Parente's Mindtrove

This is My Blog on Docker + IPython

July 13, 2014

Late last year, I decided to refresh my blog with a more responsive design. In doing so, I looked for ways to simplify my blogofile setup. I looked at Wintersmith, Pelican, and PyGreen but in the end decided to roll my own: five Mako templates, 170 lines of Python, and my posts in Markdown. I was pleased. Mostly. Two aspects of my generator nagged me, both of which I corrected this past weekend.

Dockerize It

First, my simple script had not-so-simple dependencies: the Mako, Markdown, and Pygments Python packages; a local webserver to preview the rendered site; and rsync to upload the generated site to my webhost. Originally, I setup my local box with all of these, choosing to "pay-later" should I get a new computer, have to restore my box, want to post from another machine, etc. Now eight months on, I decided to pay-down this technical debt by creating a Docker image that packages everything together using a simple Dockerfile:

FROM ubuntu:14.04

MAINTAINER Peter Parente <>

RUN apt-get update
RUN apt-get -yq install python-pip openssh-client rsync
RUN pip install Mako==0.9.1 Markdown==2.4 Pygments==1.6

ADD . /srv/blog
WORKDIR /srv/blog

I drive the build and use of the image from a convenient Makefile in my blog git repo.

# build the docker image once
make build

# render my blog posts acessbile via a contiainer-host mount
# then run a Python SimpleHTTPServer to view the results locally
make render

# render and rsync the content to my webhost
make publish

Now rendering, previewing, and uploading my blog requires Docker and, optionally, make. That's it.

IPythonize It

Second, I felt both liberated and limited by Markdown-only postings. I say liberated because writing in Markdown beat the heck out of writing pure HTML or using some WYSIWYG editor, especially for postings laden with code. I say limited because I missed the richness of explanation available in another tool I'd been using daily for over a year now, IPython Notebook. To quiesce the latter feeling, I decided to jump on the bandwagon and support both pure Markdown files and IPython Notebooks as blog posts.

The addition of a couple dependencies in my Dockerfile, the ballooning of my generator code to a massive 250 lines of Python, and the creation of a new template and stylesheet enabled the blog post you see before you.

And now, an amazing demonstration of IPython-powered posts ...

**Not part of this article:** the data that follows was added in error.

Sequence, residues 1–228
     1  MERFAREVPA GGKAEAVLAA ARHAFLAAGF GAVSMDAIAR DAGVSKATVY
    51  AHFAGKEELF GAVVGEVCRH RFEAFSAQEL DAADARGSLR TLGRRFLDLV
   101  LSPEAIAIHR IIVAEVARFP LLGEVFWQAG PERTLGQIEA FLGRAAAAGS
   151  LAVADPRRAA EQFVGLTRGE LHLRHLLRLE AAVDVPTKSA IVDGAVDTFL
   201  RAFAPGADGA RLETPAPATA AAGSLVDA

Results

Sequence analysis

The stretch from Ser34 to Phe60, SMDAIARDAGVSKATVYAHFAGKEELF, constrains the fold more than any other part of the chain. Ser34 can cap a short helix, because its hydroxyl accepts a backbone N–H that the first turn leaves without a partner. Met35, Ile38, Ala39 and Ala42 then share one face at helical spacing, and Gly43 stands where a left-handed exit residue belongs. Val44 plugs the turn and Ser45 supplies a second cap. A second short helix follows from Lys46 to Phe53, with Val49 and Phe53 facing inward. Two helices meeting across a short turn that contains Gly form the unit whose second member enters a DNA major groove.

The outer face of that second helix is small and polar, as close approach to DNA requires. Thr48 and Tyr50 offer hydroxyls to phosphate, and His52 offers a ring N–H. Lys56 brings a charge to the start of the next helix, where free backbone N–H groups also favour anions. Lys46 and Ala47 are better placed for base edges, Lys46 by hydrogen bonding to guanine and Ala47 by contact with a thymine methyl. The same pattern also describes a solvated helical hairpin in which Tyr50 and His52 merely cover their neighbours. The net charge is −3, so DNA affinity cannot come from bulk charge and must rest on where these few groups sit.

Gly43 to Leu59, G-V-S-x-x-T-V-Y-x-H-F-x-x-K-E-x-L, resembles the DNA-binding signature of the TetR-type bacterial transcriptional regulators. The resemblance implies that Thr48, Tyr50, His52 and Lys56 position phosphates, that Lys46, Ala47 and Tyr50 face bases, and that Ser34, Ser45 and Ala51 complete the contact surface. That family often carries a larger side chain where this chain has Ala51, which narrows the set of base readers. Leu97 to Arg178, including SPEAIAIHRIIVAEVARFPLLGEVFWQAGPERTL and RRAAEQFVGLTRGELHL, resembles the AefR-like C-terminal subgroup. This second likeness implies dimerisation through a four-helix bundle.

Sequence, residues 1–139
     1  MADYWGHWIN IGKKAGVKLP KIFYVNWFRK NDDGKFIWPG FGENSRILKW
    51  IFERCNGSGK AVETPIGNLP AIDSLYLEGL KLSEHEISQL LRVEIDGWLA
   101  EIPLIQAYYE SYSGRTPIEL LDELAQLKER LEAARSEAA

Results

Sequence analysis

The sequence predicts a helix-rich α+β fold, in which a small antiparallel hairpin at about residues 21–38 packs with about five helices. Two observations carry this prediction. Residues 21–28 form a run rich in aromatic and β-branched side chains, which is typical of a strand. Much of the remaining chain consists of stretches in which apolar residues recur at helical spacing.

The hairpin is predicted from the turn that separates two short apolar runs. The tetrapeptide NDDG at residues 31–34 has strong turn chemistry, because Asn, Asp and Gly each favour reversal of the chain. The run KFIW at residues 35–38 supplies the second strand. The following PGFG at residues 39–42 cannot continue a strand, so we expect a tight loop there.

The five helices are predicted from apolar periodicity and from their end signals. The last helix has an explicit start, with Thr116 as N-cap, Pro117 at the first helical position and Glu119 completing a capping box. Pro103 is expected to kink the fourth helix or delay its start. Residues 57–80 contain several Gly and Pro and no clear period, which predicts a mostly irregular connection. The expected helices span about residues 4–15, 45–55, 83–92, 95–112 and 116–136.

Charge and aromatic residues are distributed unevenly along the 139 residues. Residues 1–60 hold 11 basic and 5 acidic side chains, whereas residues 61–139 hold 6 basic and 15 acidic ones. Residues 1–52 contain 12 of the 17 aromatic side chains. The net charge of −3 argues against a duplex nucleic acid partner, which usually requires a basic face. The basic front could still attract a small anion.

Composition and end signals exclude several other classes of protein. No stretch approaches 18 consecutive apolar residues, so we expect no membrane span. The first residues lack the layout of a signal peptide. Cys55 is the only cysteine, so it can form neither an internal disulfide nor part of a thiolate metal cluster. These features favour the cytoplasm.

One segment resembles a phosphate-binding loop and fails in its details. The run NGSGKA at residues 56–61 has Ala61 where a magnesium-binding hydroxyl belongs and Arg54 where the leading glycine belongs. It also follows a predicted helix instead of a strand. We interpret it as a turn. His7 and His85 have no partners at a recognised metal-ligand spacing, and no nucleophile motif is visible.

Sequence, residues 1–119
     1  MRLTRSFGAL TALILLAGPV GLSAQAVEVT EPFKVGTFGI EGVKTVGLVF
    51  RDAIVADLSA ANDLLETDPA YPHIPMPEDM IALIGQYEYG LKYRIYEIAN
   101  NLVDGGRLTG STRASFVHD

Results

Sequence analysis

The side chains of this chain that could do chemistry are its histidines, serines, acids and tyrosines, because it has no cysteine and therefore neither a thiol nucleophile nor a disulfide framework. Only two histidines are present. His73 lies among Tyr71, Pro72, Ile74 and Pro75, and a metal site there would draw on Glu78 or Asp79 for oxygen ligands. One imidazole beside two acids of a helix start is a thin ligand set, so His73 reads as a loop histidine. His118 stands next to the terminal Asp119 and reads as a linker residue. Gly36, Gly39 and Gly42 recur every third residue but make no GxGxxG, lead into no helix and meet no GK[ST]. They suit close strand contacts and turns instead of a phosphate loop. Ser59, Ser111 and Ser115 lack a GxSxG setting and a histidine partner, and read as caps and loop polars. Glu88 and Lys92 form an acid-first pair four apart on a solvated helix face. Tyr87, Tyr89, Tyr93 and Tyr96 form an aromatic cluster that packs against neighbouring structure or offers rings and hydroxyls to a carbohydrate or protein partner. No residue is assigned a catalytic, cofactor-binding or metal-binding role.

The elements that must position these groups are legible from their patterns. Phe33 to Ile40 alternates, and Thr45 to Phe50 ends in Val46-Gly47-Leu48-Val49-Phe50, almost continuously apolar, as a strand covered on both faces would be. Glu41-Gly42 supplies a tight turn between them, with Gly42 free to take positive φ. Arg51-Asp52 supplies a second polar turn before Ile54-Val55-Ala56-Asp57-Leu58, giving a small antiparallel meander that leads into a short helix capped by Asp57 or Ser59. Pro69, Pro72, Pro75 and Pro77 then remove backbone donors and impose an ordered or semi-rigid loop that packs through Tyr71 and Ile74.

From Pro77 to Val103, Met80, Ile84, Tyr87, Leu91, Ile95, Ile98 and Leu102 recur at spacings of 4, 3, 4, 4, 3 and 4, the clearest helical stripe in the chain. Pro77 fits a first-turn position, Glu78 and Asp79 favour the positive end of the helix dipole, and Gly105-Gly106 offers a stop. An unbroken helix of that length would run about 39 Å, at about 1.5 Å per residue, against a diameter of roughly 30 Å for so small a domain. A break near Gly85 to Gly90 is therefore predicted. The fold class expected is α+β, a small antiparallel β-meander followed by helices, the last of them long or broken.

HOWTO: xkcd matplotlib plots

First, install the Humor Sans font.

In [1]:
!wget -O ~/.fonts/Humor\ Sans.ttf
--2014-07-14 02:00:41--
Resolving (
Connecting to (||:80... connected.
HTTP request sent, awaiting response... 200 OK
Length: 25832 (25K) [text/plain]
Saving to: ‘/root/.fonts/Humor Sans.ttf’

100%[======================================>] 25,832       136KB/s   in 0.2s   

2014-07-14 02:00:41 (136 KB/s) - ‘/root/.fonts/Humor Sans.ttf’ saved [25832/25832]

Next, flush the matplotlib font cache.

In [2]:
!rm ~/.cache/matplotlib/fontList.cache

Then, enable inline plots in the style of xkcd.

In [3]:
%matplotlib inline
In [4]:
import matplotlib.pyplot as plt
In [5]:
<matplotlib.rc_context at 0x7f39fe924d90>

Finally, humbly copy and tweak an existing matplotlib example.

In [6]:
fig = plt.figure(figsize=(10,5))
ax = fig.add_subplot(1, 1, 1)[-0.125, 1.0-0.125], [0, 1], 0.25)
ax.set_xticks([0, 1])
ax.set_xlim([-0.5, 1.5])
ax.set_ylim([0, 2])
ax.set_xticklabels(['Before IPython support', 'After IPython support'])
plt.yticks([0, 1, 2])

plt.title("Useless plots on this blog")
<matplotlib.text.Text at 0x7f39fe8340d0>

And voilá!

In [7]:

The future is bright, I tell you.

Genericize It

So I've scratched my two blog itches, and, as expected from itching, have created more. The fact that my blog generator is now in a portable, reusable container yet still somewhat hardcoded to this site bugs me. With a bit more elbow grease, I believe I can make a Docker image that can seed a blog like mine for any purpose simply by setting a few environment variables.

When or whether I get around to scratching this itch is an open question. Meanwhile, I solemnly promise never to write another veribified heading on this blog (but I refuse to make a similar promise for xkcd-style plots).

Another Read: Run a Docker Registry Backed by IBM SoftLayer Object Storage »

A Docker registry stores the images and the graph for a set of repositories. The shiny, new Docker Hub uses one to store all of the wonderful repositories created by the Docker community. You too can run a registry by spinning up an instance of the official Docker registry image. In fact, it's trivial to get a registry running using host local disk: